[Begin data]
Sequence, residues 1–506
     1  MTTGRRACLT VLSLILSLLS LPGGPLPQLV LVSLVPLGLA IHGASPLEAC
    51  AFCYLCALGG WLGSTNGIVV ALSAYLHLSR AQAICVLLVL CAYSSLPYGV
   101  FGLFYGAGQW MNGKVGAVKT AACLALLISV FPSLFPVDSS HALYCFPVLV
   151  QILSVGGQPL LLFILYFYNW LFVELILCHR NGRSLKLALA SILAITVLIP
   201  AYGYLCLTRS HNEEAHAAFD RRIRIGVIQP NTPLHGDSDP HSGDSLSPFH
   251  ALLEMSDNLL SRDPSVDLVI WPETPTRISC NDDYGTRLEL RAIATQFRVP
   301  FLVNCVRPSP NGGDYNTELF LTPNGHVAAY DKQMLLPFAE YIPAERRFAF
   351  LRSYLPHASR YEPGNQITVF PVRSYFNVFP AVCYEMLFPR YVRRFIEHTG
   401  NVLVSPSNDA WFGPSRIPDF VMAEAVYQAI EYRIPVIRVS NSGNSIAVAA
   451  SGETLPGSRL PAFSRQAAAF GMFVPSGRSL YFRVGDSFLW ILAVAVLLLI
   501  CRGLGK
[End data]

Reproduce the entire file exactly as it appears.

Sequence, residues 1–506
     1  MTTGRRACLT VLSLILSLLS LPGGPLPQLV LVSLVPLGLA IHGASPLEAC
    51  AFCYLCALGG WLGSTNGIVV ALSAYLHLSR AQAICVLLVL CAYSSLPYGV
   101  FGLFYGAGQW MNGKVGAVKT AACLALLISV FPSLFPVDSS HALYCFPVLV
   151  QILSVGGQPL LLFILYFYNW LFVELILCHR NGRSLKLALA SILAITVLIP
   201  AYGYLCLTRS HNEEAHAAFD RRIRIGVIQP NTPLHGDSDP HSGDSLSPFH
   251  ALLEMSDNLL SRDPSVDLVI WPETPTRISC NDDYGTRLEL RAIATQFRVP
   301  FLVNCVRPSP NGGDYNTELF LTPNGHVAAY DKQMLLPFAE YIPAERRFAF
   351  LRSYLPHASR YEPGNQITVF PVRSYFNVFP AVCYEMLFPR YVRRFIEHTG
   401  NVLVSPSNDA WFGPSRIPDF VMAEAVYQAI EYRIPVIRVS NSGNSIAVAA
   451  SGETLPGSRL PAFSRQAAAF GMFVPSGRSL YFRVGDSFLW ILAVAVLLLI
   501  CRGLGK